Frodo opened his lips hungrily. He felt Gollum rub it on his lips and he licked them. Frodo did not move, but let the creature lick his lips and felt him kiss and nibble his way down his face and sore neck to his torso. Gollum began to devote his lips to the two stiff nipples on the hobbit's chest. He licked slowly around one and bit softly. He repeated this on the other and then nibbled and bit his way downward while raking his fingers down Frodo's arms and chest.

Once Gollum found his new treasure, he began to tenderly but eagerly stroke it and lick and kiss it. Frodo's face twisted into different expression with each new sensation washing over his body. The roughness of his hands, the smoothness of his tongue and the overall warmth was driving Frodo wild and he began to wriggle under the leathery creature pleasuring him.

Gollum didn't bite much here, but he did nibble and he found that Frodo liked this very much. He continued and quickened his motions and finally Frodo came into Gollum's mouth. He enthusiastically swallowed all of it and began to bite and nibble his way back up to Frodo's bleeding neck. He rested himself onto the frail hobbit's body and began to lick up the spilled wine from Frodo's wound.

Suddenly a sound echoed off in the darkness and Gollum got up immediately. He planted one last, warm, leathery kiss on Frodo's neck and disappeared into the darkness.

Frodo was not afraid of the darkness, nor bothered by the cold stone beneath him. Just now he lay catching his breath from the short exciting escapade. He closed his eyes and ran his hands over his thin body, remembering the unique sensations. His hand rested upon the bleeding bite mark and felt a warm sticky wetness. He smiled in memory of the pleasure. He let his hand traipse across the rest of his neck, finding that it was very sore. He let his hand rest momentarily and he suddenly realized what was wrong. The chain around his neck was gone, along with the ring.

He sat up suddenly and opened his eyes. A soft glow of moonlight and grass under him woke his senses up. He was back in Lothlorien. He threw his hand up to his throat and found the ring safely where he had left it. He rubbed the back of his neck, for he had begun to sweat. His hand draped down on his sore neck and he felt a peculiar sticky wetness. He brought his hand up and looked at it. A smear of his blood was present.


Anonymous Coward | more than 12 years ago | (#3391344)

Bad visual. There are some things the should never be publicly discussed. And Fritz Hollings balls are one...two of them

Where's the beef? (0)

Anonymous Coward | more than 12 years ago | (#3391346)

Why not dig in and find out who the NRA learned this from? That's the kind of info we want.

More info about lobbying tactics by phone (0)

Anonymous Coward | more than 12 years ago | (#3391348)

Call 1-800-544-3746 or 1-818-882-2878.

Standard American Values (1)

theblacksun (523754) | more than 12 years ago | (#3391351)

I love the line about how much more money is involved in the IT industry that is the entertainment industry.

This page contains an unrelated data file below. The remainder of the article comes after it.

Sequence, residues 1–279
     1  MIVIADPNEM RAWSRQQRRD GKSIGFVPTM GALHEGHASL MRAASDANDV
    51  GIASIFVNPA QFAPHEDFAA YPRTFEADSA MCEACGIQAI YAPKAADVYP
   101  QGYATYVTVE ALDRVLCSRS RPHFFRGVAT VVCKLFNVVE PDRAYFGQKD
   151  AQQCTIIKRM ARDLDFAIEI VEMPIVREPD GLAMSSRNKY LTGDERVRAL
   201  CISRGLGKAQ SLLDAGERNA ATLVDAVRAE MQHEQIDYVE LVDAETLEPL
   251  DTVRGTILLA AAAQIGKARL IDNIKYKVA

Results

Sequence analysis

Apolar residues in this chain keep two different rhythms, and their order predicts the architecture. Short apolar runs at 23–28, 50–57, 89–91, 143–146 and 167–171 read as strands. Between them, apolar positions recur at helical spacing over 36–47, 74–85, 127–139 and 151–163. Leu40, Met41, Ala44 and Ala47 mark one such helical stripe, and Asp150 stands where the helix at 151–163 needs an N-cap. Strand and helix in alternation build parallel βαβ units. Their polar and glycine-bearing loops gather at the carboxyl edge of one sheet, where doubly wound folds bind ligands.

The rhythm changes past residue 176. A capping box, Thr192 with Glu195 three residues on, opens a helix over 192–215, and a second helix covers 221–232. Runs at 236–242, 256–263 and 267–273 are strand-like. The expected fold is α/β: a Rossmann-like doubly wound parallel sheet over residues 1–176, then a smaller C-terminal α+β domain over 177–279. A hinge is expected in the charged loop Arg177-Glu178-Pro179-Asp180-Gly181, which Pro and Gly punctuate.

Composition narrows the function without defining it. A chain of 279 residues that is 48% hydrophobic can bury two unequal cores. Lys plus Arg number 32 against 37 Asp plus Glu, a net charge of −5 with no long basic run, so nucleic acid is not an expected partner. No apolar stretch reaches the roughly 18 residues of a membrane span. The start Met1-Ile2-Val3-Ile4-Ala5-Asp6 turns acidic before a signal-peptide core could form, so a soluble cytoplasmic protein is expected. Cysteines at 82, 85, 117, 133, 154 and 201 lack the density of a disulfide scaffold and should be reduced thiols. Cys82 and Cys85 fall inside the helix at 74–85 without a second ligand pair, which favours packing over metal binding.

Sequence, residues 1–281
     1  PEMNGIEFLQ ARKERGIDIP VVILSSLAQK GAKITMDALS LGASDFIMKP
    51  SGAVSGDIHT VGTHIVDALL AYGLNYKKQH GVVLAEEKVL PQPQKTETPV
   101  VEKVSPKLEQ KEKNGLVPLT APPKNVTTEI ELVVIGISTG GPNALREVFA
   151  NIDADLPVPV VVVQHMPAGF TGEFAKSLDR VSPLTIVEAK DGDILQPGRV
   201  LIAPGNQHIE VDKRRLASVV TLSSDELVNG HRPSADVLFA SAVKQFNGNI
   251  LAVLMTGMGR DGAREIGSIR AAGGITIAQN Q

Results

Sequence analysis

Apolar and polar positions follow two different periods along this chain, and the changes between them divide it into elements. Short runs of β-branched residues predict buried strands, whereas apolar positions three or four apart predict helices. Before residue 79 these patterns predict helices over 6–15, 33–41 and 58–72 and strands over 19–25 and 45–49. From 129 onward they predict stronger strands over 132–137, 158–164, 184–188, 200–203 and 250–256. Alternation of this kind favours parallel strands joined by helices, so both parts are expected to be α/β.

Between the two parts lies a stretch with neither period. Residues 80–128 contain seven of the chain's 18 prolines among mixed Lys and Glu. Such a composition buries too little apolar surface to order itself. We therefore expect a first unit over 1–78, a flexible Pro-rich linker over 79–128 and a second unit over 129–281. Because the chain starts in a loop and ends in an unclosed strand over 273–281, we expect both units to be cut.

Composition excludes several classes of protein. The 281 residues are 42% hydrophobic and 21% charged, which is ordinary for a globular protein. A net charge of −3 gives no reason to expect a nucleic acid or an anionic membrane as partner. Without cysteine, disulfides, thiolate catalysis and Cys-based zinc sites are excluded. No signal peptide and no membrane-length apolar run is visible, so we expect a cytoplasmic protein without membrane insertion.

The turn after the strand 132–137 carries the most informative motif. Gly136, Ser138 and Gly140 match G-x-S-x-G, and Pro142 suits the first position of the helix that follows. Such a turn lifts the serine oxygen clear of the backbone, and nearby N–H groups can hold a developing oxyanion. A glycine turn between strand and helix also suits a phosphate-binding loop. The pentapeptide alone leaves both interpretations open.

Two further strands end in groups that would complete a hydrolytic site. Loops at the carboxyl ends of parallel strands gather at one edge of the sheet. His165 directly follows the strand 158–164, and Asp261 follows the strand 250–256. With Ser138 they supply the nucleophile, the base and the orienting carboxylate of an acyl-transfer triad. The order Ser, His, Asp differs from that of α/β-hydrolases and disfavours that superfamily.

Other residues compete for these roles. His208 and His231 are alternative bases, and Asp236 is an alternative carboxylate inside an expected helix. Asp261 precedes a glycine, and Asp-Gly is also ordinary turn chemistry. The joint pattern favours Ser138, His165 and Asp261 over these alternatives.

And it shows. Computers are calculating nuclear blasts, while America has fallen in love with Britney Spears and pays to see wonderful works of cinematic art like "All About the Benjamins." Think of the quality difference there.

The point is, the general populas couldn't care less, and neither do their duly elected representatives. The shit is going to have to hit the fan before anyone does anything, but with any luck on their side the gross changes will happen slowly enough that not enough people will feel obliged to take action.

in short, we're screwed.

Re:Standard American Values (0)

Anonymous Coward | more than 12 years ago | (#3391708)

Ya, the fact that geeks represent something like 0.5 percent of the voting population doesn't help much either.

Put your $$$ to work for your rights (5, Insightful)

Bowfinger (559430) | more than 12 years ago | (#3391396)

So when is Senator Hollings/Disney up for reelection, who is his opponent, and is he at all vulnerable? If he is, what's the address for a contribution?

If even 5% of the geeks who are appalled by the SSSCA/CBDTPA sent a small check to Disney's opponent, we could turn the election. If we include a quick note explaining the contribution, our message will be loud and clear. Formal lobbying groups, public education campaigns, and all the other trappings are nice to have, but the fundamental force comes from lots of people putting their money where their hearts are.

I think one key, however, is that Hollings must be vulnerable. If he has a token opponent, we should focus on someone else - key word being "one". Sending money to the opposing party, or to several candidates won't cut it at our level. Our pockets aren't deep enough, and we don't have enough of them.

Re:Put your $$$ to work for your rights (1)

Lothar+0 (444996) | more than 12 years ago | (#3391489)

Hollings (a Democrat) faces re-election in 2004, perfect since it's also a Presidential election, and more people are bound to go to the polls than in an off-year race. Right now, South Carolina is having a gubanatorial race with a Democratic incumbent, Jim Hodges, so look for the front-runner on the Republican side (assuming they don't win) to try to take down Hodges in 2 years.

Re:Put your $$$ to work for your rights (1)

Lothar+0 (444996) | more than 12 years ago | (#3391501)

I meant to say, "take down Hollings in 2 years". I slap myself for not hitting the Preview button.

*slap* Ow.

Finally, a realist. (4, Interesting)